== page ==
The Taliban’s new cabinet includes US-designated terrorist
The Taliban included the leader of a U.S.-designated terrorist organization in a new government to formally mark the group’s return to power after 20 years of war with America, as the West grapples with whether to recognize the new administration.
Mullah Mohammad Hassan, the little-known head of the Taliban’s leadership council, was named as acting prime minister, spokesman Zabihullah Mujahed said at a press conference in Kabul on Tuesday. Taliban co-founder Mullah Abdul Ghani Baradar, the main public face of the group who signed a peace deal with the Trump administration last year, will serve as his deputy.
Sirajuddin Haqqani, leader of the Haqqani Network who is on the FBI’s most wanted list for terrorism, will serve as acting interior minister. That may complicate any moves by the U.S. to cooperate with the Taliban, particularly as President Joe Biden urges the Taliban to cut all ties with terrorist groups.
The Taliban want good relations with all countries in the world, including the U.S., Mujahed told reporters. He called the cabinet a “diverse group” that included a variety of ethnicities and backgrounds, although no women were chosen.
“We’re not a tribal force,” Mujahed said. “We hope all countries in the world will recognize the legitimacy of our government and our Islamic regime.”
The U.S. and its allies have been watching to see whether the Taliban would form an inclusive government that can stabilize the country and prevent a return to civil war. Other demands include freedom of travel for those who want to leave Afghanistan and rights for women, who faced extreme repression when the Taliban last held power at the turn of the century.
At a briefing on Tuesday, White House spokeswoman Jen Psaki said she didn’t have a timeline for when the U.S. would recognize the new Taliban government and was still working to evacuate remaining Americans.
“There’s no rush to recognition,” she said. “It is really going to be dependent on what steps the Taliban takes. The world will be watching, the United States included.”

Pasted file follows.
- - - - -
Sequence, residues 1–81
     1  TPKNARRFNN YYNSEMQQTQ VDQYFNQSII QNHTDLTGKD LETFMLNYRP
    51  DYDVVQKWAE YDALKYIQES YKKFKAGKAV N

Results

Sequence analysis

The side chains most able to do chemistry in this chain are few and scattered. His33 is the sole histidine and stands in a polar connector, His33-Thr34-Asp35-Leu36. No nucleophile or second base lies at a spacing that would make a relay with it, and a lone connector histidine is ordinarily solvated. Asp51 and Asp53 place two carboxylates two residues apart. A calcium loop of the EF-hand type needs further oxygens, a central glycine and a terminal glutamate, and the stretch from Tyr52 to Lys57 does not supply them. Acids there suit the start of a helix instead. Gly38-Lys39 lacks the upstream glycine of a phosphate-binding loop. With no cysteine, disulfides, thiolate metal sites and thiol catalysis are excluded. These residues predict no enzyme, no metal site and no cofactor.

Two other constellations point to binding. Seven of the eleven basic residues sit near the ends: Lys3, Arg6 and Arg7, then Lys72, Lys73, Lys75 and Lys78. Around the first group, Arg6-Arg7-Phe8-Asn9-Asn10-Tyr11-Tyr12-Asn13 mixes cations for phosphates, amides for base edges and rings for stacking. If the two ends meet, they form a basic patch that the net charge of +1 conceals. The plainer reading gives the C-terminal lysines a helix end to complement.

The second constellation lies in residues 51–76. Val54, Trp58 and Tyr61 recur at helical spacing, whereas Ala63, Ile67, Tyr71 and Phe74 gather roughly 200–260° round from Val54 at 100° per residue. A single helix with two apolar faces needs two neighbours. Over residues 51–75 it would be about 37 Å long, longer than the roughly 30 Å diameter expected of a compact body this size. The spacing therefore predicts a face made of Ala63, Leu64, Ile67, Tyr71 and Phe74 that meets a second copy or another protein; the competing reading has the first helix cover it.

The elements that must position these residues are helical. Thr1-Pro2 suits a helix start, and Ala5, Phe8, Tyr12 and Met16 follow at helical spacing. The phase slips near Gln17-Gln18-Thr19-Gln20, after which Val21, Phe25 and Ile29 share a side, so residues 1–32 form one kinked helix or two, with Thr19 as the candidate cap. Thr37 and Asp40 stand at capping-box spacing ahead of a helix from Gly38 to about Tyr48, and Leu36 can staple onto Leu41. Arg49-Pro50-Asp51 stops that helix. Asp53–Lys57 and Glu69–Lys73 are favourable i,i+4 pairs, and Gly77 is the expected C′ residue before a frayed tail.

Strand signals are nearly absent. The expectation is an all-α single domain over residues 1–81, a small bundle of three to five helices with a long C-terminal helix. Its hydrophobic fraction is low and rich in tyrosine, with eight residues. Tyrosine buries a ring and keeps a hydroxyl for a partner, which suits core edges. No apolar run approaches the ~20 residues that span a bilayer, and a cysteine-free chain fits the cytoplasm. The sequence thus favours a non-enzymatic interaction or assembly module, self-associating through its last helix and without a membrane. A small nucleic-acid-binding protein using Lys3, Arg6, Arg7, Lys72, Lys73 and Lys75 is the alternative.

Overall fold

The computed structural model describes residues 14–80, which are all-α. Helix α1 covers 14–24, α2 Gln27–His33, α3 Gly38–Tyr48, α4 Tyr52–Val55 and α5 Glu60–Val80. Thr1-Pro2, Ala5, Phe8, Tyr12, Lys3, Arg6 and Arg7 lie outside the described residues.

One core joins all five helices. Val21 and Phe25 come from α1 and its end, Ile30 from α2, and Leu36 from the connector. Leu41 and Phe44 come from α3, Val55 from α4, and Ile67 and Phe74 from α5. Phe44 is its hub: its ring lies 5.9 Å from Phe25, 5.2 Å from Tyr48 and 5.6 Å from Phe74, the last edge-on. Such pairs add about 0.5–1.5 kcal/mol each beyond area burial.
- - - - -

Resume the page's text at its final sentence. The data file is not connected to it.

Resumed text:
For the new Taliban government, lots is at stake. Signs of an economic crisis are brewing, with prices of essential goods rising in Kabul while banks run short on cash. The U.S. has frozen roughly $9 billion in assets belonging to Da Afghanistan Bank, or DAB, the nation’s central bank, and the International Monetary Fund cut off the group from using fund reserve assets.
Mujahed made no mention of Taliban Supreme Commander Haibatullah Akhundzada, who hasn’t been seen in public since becoming the group’s leader in 2016. Mohammad Yaqoob, the son of former supreme leader Mullah Mohammad Omar — who refused to give up Osama bin Laden to the U.S. before the 2001 invasion — became acting defense minister.
Other key appointments included:
— Abdul Salam Hanafi, second deputy prime minister. He’s an ethnic Uzbek and a member of Taliban’s political office in Doha, Qatar. He was deputy minister of education when the Taliban last ruled between 1996-2001.
— Amir Khan Muttaqi as acting foreign minister. He’s an ethnic Pasthun from Helmand province and was a senior member of Taliban’s political office and negotiation team in Doha.
— Hedayatullah Badri as acting finance minister. Little is known about Badri.
— Din Mohammad as acting economy minister. An ethnic Tajik, he was also a member of Taliban’s negotiation team in Doha. He was the minister for planning and higher education during the Taliban’s previous rule.
— Mohammad Idris as acting governor of the central bank. Idris headed the Taliban’s economic commission. Little else is known about him, including his education background and professional qualifications in dealing with monetary, currency and banking policy.
The regional and wider security threats have already played out at the Kabul airport, where a suicide bombing blamed on a local off-shoot of the Islamic State terror group killed nearly 170 Afghans and 13 U.S. service personnel in the last days of the chaotic American evacuation from the country.
The Taliban has sought to recast themselves in a more moderate mold: promising amnesty for their enemies, vowing to build an inclusive government with various ethnic groups, keep terrorist groups off Afghan soil and allowing women to work within the bounds of Shariah law.
But many Afghans are cautious about the promised shifts in the Taliban’s stance, highlighted by two weeks of desperate scenes at Kabul’s Hamid Karzai International Airport. Several people died as massive crowds rushed to the tarmac soon after the militant takeover, and even the suicide bombing failed to deter crowds.